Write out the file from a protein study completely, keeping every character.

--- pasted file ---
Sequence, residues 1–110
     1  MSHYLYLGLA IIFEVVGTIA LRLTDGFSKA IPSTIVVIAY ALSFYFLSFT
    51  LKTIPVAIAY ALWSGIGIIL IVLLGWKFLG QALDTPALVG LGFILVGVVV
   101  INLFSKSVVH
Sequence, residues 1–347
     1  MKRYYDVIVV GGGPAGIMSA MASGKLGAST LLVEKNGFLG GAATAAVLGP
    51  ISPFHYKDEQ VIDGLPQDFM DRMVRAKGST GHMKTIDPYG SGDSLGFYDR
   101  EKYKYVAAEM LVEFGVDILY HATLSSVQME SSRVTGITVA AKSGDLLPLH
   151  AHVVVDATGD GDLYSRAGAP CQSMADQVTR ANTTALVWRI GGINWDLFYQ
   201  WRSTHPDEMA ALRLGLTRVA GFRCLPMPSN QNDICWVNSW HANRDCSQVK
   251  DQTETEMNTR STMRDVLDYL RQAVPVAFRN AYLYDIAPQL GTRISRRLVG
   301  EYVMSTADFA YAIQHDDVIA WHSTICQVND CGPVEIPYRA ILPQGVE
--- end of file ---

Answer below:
Sequence, residues 1–110
     1  MSHYLYLGLA IIFEVVGTIA LRLTDGFSKA IPSTIVVIAY ALSFYFLSFT
    51  LKTIPVAIAY ALWSGIGIIL IVLLGWKFLG QALDTPALVG LGFILVGVVV
   101  INLFSKSVVH
Sequence, residues 1–347
     1  MKRYYDVIVV GGGPAGIMSA MASGKLGAST LLVEKNGFLG GAATAAVLGP
    51  ISPFHYKDEQ VIDGLPQDFM DRMVRAKGST GHMKTIDPYG SGDSLGFYDR
   101  EKYKYVAAEM LVEFGVDILY HATLSSVQME SSRVTGITVA AKSGDLLPLH
   151  AHVVVDATGD GDLYSRAGAP CQSMADQVTR ANTTALVWRI GGINWDLFYQ
   201  WRSTHPDEMA ALRLGLTRVA GFRCLPMPSN QNDICWVNSW HANRDCSQVK
   251  DQTETEMNTR STMRDVLDYL RQAVPVAFRN AYLYDIAPQL GTRISRRLVG
   301  EYVMSTADFA YAIQHDDVIA WHSTICQVND CGPVEIPYRA ILPQGVE